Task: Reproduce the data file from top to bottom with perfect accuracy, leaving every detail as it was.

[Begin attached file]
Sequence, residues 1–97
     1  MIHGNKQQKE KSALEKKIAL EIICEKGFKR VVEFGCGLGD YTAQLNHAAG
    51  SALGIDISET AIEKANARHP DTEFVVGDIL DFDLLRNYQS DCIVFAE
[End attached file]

Sequence, residues 1–97
     1  MIHGNKQQKE KSALEKKIAL EIICEKGFKR VVEFGCGLGD YTAQLNHAAG
    51  SALGIDISET AIEKANARHP DTEFVVGDIL DFDLLRNYQS DCIVFAE